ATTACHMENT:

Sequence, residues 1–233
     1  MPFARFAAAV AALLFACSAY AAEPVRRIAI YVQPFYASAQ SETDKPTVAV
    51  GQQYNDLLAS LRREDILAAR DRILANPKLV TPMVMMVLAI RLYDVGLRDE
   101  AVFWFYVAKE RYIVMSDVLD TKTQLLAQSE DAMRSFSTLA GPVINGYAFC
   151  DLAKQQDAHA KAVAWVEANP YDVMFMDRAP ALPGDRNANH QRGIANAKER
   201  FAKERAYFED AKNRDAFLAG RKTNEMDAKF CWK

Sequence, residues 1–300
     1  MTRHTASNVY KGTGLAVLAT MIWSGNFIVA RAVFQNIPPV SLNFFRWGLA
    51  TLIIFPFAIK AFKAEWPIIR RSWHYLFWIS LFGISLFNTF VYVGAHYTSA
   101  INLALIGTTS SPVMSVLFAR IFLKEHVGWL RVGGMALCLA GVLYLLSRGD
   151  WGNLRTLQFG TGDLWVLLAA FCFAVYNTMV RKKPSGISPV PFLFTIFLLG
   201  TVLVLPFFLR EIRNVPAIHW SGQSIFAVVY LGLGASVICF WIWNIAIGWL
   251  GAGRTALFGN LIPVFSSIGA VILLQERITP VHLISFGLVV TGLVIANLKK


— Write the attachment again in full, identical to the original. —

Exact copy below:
Sequence, residues 1–233
     1  MPFARFAAAV AALLFACSAY AAEPVRRIAI YVQPFYASAQ SETDKPTVAV
    51  GQQYNDLLAS LRREDILAAR DRILANPKLV TPMVMMVLAI RLYDVGLRDE
   101  AVFWFYVAKE RYIVMSDVLD TKTQLLAQSE DAMRSFSTLA GPVINGYAFC
   151  DLAKQQDAHA KAVAWVEANP YDVMFMDRAP ALPGDRNANH QRGIANAKER
   201  FAKERAYFED AKNRDAFLAG RKTNEMDAKF CWK

Sequence, residues 1–300
     1  MTRHTASNVY KGTGLAVLAT MIWSGNFIVA RAVFQNIPPV SLNFFRWGLA
    51  TLIIFPFAIK AFKAEWPIIR RSWHYLFWIS LFGISLFNTF VYVGAHYTSA
   101  INLALIGTTS SPVMSVLFAR IFLKEHVGWL RVGGMALCLA GVLYLLSRGD
   151  WGNLRTLQFG TGDLWVLLAA FCFAVYNTMV RKKPSGISPV PFLFTIFLLG
   201  TVLVLPFFLR EIRNVPAIHW SGQSIFAVVY LGLGASVICF WIWNIAIGWL
   251  GAGRTALFGN LIPVFSSIGA VILLQERITP VHLISFGLVV TGLVIANLKK